Friday, November 23, 2012

Earvana

All my life I've been unhappy with the D chord on a guitar. I'm talking about the chord that's the first one you learn, the one that's a triangle of fingers with an open D string. You know the one.
Thing is, that chord is always out of tune.
Enough so that on recordings sometimes I'll tune the guitar just for the D chord and then punch in on the chord where I need it. Which is, you know, not optimal. I just want the chord to sound in tune. (The other chord which consistently bugs me is an Eb major as a double-barre.)
The problem is that guitars have frets. And the frets are all an equal distance from the nut and the bridge. But the strings are different sizes. And therefore the neck of the guitar is just an average of in-tune-ness. [And that's in relationship even-temperment, which is as good as we could ever pray to get on a guitar.]
So I got my Gibson SG and it sounds great but I didn't like the intonation and I decided it was time to put an Earvana compensated nut on it. I'm too much a fraidy cat to pop the nut off my own guitar so I took it to Matt at 30th Street Guitars here in NYC and had him install the nut and set up the guitar. As always, Matt did an amazing job of setup. (As a side note, he did a different thing to the nut of my Les Paul -- putting a little piece of bone on the G string, which sounds really dirty but really helps with the intonation.)
The installation and setup was $110, more than worth it. The guitar came new with a pretty darn good setup but it's even better now.
A note on the recording: the SG was plugged directly into my Lil' Dawg Amp "Mutt", which then fed a 12" Celestion Alnico Blue. The microphone was an AKG C12a (backed off a couple feet because it really couldn't take the guitar amp levels and I wouldn't have used it except that all my other mics are away right now because of the session we did the other night) into a Neve 1272 preamp and an Apogee Mini-me converter. There is only the slightest bit of compression on the 2-mix buss and other than that there are no effects.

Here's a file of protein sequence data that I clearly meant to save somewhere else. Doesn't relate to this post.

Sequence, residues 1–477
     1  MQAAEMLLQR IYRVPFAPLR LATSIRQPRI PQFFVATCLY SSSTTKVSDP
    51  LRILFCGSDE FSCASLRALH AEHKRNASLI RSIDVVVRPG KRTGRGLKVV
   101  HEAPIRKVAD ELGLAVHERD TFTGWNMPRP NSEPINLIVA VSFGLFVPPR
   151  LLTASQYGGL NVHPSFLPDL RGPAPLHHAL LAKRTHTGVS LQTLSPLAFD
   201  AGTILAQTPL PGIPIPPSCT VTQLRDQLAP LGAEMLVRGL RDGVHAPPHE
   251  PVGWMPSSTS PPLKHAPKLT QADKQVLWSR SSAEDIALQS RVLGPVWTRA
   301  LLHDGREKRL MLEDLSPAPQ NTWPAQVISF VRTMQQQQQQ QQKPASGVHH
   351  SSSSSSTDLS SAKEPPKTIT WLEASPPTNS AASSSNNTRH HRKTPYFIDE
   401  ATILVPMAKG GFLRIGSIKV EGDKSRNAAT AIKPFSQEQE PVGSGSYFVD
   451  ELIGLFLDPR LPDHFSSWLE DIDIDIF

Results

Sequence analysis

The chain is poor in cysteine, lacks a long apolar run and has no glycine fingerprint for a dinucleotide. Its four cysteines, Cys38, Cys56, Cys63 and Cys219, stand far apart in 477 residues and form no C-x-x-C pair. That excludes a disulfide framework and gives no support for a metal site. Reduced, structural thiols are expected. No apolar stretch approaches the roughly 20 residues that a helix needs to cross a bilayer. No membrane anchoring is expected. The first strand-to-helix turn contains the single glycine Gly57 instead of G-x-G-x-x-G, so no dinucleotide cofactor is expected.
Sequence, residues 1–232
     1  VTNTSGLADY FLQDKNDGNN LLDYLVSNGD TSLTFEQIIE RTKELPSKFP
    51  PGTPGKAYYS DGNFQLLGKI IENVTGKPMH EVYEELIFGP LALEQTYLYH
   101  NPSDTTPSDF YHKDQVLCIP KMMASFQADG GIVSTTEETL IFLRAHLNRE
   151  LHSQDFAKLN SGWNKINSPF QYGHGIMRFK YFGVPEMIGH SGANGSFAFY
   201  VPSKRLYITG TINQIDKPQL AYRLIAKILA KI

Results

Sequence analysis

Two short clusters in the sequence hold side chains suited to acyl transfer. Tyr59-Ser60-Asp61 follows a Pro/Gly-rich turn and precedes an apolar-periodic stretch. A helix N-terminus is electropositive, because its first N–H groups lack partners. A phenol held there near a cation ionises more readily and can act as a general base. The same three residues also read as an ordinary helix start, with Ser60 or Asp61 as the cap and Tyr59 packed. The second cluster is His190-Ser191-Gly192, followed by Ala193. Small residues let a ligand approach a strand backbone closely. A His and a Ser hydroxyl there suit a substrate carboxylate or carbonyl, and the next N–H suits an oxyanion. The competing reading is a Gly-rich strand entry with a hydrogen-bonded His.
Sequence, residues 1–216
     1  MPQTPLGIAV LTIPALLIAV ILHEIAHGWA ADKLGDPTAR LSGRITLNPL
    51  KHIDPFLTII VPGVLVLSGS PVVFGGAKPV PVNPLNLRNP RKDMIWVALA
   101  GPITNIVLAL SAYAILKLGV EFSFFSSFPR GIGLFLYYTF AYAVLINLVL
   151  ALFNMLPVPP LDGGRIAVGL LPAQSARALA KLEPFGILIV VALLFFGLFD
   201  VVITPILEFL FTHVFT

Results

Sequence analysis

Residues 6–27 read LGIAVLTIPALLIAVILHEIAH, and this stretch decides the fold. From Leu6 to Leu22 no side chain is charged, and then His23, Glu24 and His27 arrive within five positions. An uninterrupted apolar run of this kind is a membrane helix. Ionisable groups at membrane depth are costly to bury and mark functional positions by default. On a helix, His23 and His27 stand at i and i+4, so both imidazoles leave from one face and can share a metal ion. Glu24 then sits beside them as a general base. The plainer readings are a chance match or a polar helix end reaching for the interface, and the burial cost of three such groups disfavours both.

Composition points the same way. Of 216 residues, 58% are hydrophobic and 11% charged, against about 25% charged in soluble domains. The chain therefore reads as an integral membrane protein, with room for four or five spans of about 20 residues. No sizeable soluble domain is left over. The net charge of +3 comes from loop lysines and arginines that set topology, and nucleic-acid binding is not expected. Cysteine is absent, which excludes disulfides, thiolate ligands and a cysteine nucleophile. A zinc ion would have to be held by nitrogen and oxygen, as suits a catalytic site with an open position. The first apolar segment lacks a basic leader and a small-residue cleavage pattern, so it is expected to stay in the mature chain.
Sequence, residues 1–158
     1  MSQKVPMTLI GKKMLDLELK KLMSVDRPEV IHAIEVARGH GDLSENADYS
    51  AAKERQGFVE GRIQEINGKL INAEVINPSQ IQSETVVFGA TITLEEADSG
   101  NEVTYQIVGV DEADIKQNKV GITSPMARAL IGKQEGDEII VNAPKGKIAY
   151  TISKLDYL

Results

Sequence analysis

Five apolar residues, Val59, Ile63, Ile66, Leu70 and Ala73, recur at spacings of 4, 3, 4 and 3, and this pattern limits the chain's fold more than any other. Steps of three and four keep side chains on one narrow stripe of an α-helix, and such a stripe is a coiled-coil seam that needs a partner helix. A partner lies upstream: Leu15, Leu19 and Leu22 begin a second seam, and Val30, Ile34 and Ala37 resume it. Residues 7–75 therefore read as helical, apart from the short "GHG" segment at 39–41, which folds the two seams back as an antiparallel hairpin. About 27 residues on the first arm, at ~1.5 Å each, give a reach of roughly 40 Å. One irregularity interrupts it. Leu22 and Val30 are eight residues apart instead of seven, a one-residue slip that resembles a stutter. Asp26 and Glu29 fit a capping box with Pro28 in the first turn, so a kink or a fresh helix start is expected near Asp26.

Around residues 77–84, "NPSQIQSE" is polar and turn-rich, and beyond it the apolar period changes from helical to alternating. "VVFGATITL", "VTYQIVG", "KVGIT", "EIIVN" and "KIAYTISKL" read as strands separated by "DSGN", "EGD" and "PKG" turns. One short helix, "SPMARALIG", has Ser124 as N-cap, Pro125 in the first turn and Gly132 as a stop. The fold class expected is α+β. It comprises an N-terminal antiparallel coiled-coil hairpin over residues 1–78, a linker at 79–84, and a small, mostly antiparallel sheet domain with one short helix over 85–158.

My conclusion?
I've been waiting for this freaking thing my entire life. Yes, it sounds vastly better. The nuts are only $35 for crying out loud.
This is not entirely a proper A/B test (because I was not as careful about the tuning as I was with the Earvana test and there is some delay on the guitar so it's an unfair test) but here's the same guitar from before the installation of the Earvana:

Yeah, this makes a big difference. I don't really know why there's such a prejudice against these nuts. I mean, everybody should use them. That's my take away.
Will I replace the nut on my Les Paul (even though it's been specially modified?) Yes, eventually. Will I replace the nut on my Blattocaster which has the specially made bone nut that Ethan made? Um. Yy... yes. Eventually. (I mean, it's really cool that Ethan cut that himself and installed it and it sounds great it's just that... yeah...)
So that's where I'm at with the Earvana nut.

4 comments:

  1. Got to wonder why guitars aren't manufactured this way to begin with. I really appreciated your clear and concise explanation.. I had developed a clue from your previous post on the subject but now I've got a clue and half or maybe two. In fact I'm now developed such a comprehensive understanding of the issues that I've announcing my next great invention: guitar necks with staggered frets so that each string is tuned properly at each half step. Each string will have it's own set of fret bridges, in other words, rather than one-size-fits-all straight across the neck.

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  2. Staggered frets http://www.dolphinmusic.co.uk/article/3223-steve-vai-true-temperment-a-new-type-of-guitar-fretboard-.html

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  3. Yes, I'm glad to see that dolphin music read my mind and got on the project right away. This is the only way to go.

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  4. Dolphins know everything you're thinking all the time.

    ReplyDelete

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